Hazel Dickens – Coal Miner’s Sister
“People said that hearing Delia Byrd sing was like hearing heartbreak in a whole new key. Her voice could make you sweat, make you move, make you want to lift your hands and pull justice out of the air.”
— Dorothy Allison, Cavedweller
These lines, taken from Allison’s latest novel, describe a fictional rock ‘n’ roller in the Janis Joplin mold. But they could just as easily be about Hazel Dickens, a singer whose piercing, rough-hewn wail, an ache as raw as a wound laid bare, can evoke a woman in childbirth, a mother ravaged by grief, or the prophet Jeremiah crying out in the wilderness. At its most lovelorn, Dickens’ voice is also perhaps the purest embodiment of Hank Williams’ lonesome whippoorwill.
Take “Forsaken Lover”, the obscure Woody Guthrie plaint that opens Heart Of A Singer, an album of duo and trio recordings that Dickens made late last year for Rounder Records with Carol Elizabeth Jones and Ginny Hawker. “I will tell the sad, sad story/I’m gonna tell a story true/’Bout an old, forsaken lover/And his heart broke sad and true,” moans Dickens to the strains of a resolutely strummed guitar. Guthrie’s lines are formulaic enough; what isn’t is the way Dickens holds onto the word “old” for a full measure, so that it hangs in the air like mist in a mountain holler. By the time Jones, Hawker and the fiddle player add their doleful harmonies, it sounds as if the whole valley is weeping.
Dickens’ gift for conveying such close-to-the-bone emotion, for “putting you there,” as Hawker likes to say, has been the hallmark of her 40-year career, one that looms as large as that of any bluegrass or old-time singer to emerge since the folk revival of the 1950s. Dickens hasn’t enjoyed the commercial success many of her peers have; she isn’t the virtuoso that other pickers are, either. But by teaming with longtime partner Alice Gerrard to become the first women to front their own bluegrass band, Dickens created a legacy that is undeniable. Her songs of struggle and liberation, from the coal miners’ lament “Black Lung” to the proto-feminist broadside “Don’t Put Her Down, You Helped Put Her There”, are as hard-hitting and direct as any ever written.
Heart Of A Singer, Dickens’ first album of new recordings in eleven years, came about as most sing-alongs and picking parties do — by happenstance. Dickens, Jones and Hawker first sang together at Mike Seeger and Alexia Smith’s wedding in 1995. But it wasn’t until they gathered again at the 1996 Folk Alliance in Washington, D.C., that they first considered recording as a trio — and even that was somewhat by accident.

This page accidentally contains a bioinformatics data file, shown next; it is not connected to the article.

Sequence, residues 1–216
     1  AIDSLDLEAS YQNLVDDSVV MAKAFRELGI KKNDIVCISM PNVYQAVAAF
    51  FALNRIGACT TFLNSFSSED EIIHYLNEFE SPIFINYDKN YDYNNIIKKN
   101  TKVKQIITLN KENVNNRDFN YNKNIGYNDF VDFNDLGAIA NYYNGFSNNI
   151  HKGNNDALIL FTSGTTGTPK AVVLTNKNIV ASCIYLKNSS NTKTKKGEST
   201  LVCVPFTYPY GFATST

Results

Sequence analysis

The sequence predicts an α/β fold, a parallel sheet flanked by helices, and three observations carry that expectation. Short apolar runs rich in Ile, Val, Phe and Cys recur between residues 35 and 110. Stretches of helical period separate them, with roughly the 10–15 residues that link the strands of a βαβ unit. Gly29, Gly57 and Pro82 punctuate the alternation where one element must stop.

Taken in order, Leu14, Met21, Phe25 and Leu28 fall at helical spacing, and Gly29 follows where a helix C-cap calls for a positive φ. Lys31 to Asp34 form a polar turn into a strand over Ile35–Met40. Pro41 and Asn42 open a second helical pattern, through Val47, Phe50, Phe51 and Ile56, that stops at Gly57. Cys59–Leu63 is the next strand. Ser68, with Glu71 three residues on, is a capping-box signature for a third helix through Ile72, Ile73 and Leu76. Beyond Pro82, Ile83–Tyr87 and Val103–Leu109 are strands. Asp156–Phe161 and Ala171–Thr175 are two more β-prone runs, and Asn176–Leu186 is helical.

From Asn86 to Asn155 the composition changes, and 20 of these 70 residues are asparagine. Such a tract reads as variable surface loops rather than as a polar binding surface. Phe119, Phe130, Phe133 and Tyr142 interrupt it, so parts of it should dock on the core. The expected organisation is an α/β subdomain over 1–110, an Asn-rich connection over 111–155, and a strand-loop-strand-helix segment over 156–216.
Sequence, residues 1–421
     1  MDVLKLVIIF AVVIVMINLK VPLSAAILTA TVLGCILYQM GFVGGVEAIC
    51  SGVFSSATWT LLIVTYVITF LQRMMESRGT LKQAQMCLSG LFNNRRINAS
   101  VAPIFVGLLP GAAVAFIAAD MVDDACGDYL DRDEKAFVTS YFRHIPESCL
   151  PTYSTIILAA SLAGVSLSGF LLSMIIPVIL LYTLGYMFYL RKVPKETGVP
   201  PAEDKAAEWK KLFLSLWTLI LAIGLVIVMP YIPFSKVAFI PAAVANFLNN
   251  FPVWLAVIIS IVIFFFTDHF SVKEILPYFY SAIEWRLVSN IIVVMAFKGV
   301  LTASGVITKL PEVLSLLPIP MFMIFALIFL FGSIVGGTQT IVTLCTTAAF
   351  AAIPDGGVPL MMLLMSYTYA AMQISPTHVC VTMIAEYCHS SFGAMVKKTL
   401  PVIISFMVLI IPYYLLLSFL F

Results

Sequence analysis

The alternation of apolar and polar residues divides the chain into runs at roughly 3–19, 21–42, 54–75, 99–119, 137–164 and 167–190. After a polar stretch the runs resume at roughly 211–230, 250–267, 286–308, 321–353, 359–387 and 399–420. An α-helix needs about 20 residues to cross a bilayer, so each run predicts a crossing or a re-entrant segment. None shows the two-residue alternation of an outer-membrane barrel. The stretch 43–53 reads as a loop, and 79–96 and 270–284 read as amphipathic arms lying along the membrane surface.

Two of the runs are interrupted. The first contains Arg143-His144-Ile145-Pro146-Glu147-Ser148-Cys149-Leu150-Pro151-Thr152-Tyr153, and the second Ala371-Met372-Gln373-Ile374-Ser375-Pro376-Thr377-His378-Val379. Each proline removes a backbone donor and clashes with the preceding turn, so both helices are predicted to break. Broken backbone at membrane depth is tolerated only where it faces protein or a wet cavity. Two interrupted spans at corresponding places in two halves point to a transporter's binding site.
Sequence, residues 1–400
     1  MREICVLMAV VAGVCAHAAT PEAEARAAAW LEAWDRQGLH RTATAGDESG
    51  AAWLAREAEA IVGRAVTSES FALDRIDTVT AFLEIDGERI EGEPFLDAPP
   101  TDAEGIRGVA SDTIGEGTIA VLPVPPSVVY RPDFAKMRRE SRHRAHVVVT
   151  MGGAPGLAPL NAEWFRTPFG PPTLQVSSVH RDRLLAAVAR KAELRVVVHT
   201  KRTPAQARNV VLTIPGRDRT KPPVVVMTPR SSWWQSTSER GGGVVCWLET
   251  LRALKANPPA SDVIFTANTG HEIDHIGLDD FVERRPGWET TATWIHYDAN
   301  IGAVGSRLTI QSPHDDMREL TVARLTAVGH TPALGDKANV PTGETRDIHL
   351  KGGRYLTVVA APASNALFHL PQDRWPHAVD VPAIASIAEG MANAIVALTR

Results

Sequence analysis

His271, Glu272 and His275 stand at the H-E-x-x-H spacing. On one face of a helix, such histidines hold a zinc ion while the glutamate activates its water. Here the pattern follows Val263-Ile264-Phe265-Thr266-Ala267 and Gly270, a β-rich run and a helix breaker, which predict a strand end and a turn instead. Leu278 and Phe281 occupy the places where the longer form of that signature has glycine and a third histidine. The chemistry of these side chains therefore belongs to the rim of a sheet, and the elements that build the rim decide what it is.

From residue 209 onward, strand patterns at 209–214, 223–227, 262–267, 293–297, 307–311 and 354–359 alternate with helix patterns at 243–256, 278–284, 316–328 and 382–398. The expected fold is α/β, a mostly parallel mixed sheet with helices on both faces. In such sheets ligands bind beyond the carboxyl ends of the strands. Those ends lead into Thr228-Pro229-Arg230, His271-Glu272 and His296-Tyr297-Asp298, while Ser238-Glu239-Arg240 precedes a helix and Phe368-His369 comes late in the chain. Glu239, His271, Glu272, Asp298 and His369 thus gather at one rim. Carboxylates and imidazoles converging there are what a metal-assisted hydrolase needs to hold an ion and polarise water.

This is an excerpt of the full article which appeared in The Best of No Depression: Writing About American Music, which features 25 of the finest articles from the magazines back issues, and was published in 2005 by University of Texas Press to help celebrate the magazines 10th anniversary. Due to our agreement with UT Press we are unable to include this article in our online archive.
The Best of No Depression is the only place you can find these articles other than our back issues. Visit the No Depression store to buy your copy for only $10.
The 300-page volume includes co-editor Grant Aldens award-winning 2001 feature on Billy Joe Shaver, co-editor Peter Blackstocks 1998 Artist of the Decade piece on Alejandro Escovedo, senior editor Bill Friskics-Warrens 2002 cover story on Johnny Cash, contributing editor Paul Cantins deep exploration of Yankee Hotel Foxtrot-era Wilco; and many other high points from our print heyday.
Table of contents for The Best of No Depression:
Preface, by Grant Alden and Peter Blackstock
Los Lobos, by Geoffrey Himes
Alejandro Escovedo, by Peter Blackstock
Jon Dee Graham, by Peter Blackstock
Billy Joe Shaver, by Grant Alden
Ray Wylie Hubbard, by John T. Davis
Flatlanders, by Don McLeese
Ray Price, by David Cantwell
Johnny Gimble, by Bill C. Malone
Johnny Cash, by Bill Friskics-Warren
Rosanne Cash, by Lloyd Sachs
Lucinda Williams, by Silas House
Buddy & Julie Miller, by Bill Friskics-Warren
Kasey Chambers, by Geoffrey Himes
Loretta Lynn, by Barry Mazor
Patty Loveless, by Bill Friskics-Warren
Kieran Kane, by Peter Cooper
Paul Burch, by Jim Ridley
Hazel Dickens, by Bill Friskics-Warren
Gillian Welch, by Grant Alden
Ryan Adams, by David Menconi
Jay Farrar, by Peter Blackstock
Jayhawks, by Erik Flannigan
Wilco, by Paul Cantin
Drive-By Truckers, by Grant Alden
Iron & Wine, by William Bowers